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Over the past week or so, one of the most prominent credit agencies, Standard & Poor’s, has, in a series of reports, attempted to quantify the financial impact of climate change. The company looked at the impact of changing weather patterns on various industries, including utilities and insurance.
In the last few years, the microbiome (sometimes referred to as “the second genome”) has become a focus for the health conscious and for scientists alike. Studies like the Human Microbiome Project, a national enterprise to sequence bacterial DNA taken from 242 healthy Americans, have tagged 19 of our phyla (groupings of bacteria), each with thousands of distinct species. As Michael Pollan wrote in this magazine last year: “As a civilization, we’ve just spent the better part of a century doing our unwitting best to wreck the human-associated microbiota… . Whether any cures emerge from the exploration of the second genome, the implications of what has already been learned — for our sense of self, for our definition of health and for our attitude toward bacteria in general — are difficult to overstate.”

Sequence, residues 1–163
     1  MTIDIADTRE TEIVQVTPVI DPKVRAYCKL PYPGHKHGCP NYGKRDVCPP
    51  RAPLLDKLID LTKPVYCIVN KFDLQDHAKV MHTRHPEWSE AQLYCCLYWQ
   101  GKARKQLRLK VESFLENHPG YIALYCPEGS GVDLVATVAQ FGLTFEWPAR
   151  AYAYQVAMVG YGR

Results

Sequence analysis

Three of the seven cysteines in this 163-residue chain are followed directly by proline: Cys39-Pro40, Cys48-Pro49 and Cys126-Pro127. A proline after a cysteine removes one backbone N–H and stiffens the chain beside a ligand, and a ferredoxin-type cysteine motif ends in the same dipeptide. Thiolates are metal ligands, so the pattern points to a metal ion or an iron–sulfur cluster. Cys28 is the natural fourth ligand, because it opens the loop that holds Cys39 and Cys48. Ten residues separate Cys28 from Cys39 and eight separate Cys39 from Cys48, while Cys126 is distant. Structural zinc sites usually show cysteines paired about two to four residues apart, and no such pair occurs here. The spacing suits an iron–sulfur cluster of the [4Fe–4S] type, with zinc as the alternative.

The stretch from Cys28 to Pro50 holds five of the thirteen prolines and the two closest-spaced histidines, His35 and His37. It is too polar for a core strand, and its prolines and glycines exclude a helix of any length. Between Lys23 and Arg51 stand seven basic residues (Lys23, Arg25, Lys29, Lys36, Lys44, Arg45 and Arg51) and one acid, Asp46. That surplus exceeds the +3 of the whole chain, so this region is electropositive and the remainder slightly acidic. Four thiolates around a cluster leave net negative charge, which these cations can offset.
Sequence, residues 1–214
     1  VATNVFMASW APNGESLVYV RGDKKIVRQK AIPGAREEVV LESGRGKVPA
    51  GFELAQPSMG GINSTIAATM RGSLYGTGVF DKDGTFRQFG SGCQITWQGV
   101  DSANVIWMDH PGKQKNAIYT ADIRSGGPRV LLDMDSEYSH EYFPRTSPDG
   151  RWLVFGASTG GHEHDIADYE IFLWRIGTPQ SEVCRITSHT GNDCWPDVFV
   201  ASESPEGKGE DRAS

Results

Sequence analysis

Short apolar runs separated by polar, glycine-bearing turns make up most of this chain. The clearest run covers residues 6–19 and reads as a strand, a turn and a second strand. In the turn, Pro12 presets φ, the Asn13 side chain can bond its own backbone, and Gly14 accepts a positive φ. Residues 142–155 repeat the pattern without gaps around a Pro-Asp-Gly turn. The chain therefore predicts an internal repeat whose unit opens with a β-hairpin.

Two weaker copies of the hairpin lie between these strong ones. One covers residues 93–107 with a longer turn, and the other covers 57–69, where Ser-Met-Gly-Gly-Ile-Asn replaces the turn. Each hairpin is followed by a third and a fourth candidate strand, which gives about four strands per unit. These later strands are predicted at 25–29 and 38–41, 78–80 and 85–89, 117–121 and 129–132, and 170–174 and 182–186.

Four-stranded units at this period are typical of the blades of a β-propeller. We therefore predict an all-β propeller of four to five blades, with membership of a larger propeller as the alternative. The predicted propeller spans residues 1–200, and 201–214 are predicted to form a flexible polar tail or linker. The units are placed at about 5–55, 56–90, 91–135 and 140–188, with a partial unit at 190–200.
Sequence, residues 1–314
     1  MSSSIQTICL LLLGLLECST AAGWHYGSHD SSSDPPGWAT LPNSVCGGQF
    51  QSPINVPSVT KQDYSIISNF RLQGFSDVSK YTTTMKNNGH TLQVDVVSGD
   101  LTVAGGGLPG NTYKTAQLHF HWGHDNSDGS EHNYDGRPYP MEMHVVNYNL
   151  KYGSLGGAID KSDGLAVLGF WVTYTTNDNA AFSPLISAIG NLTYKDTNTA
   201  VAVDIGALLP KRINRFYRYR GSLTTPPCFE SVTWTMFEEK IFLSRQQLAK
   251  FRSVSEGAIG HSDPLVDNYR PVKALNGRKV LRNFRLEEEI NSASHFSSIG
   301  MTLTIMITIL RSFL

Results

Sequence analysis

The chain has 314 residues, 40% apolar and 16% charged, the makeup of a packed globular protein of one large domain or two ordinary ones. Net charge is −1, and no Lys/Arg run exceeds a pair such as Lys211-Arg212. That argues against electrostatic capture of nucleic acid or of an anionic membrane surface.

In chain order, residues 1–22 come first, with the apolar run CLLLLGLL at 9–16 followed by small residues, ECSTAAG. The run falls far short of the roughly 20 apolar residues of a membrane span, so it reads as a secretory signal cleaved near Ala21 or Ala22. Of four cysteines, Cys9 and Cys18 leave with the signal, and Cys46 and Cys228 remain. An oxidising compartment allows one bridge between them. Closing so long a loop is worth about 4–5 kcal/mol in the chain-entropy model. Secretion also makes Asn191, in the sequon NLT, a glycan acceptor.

Welcome to the Dystopia Tracker. Our goal is to document, with your help, all the predictions in literature, film or games that have been made for the future and what has become reality already. You can browse predictions by topic or search for a specific title. We also invite you to contribute your own content. Add predictions that are missing, add realisations for predictions that have become reality in some way, or help translating existing content.
A Timeline of Webdriver Torso
Webdriver Torso is a YouTube account that uploads a new video (like the one above) on to the internet every 20 seconds. And every video is more or less the same: red and blue rectangles jumping on a white screen, with a soundtrack of different test tones.
Webdriver’s YouTube channel has uploaded almost 80,000 of these videos, and no one has any real clue what they are. There are, of course, lots of theories. What follows is a timeline of the Webdriver Torso mystery.
March 7, 2013
Webdriver Torso YouTube channel is launched. There is no activity on the channel for months, until…
August 14, 2013
…the first video on Webdriver is uploaded. It is called 0.455442373793, but the video is only viewable in France, and users have to pay 2 Euro to watch it. The video is a short clip from the cartoon Aqua Teen Hunger Force.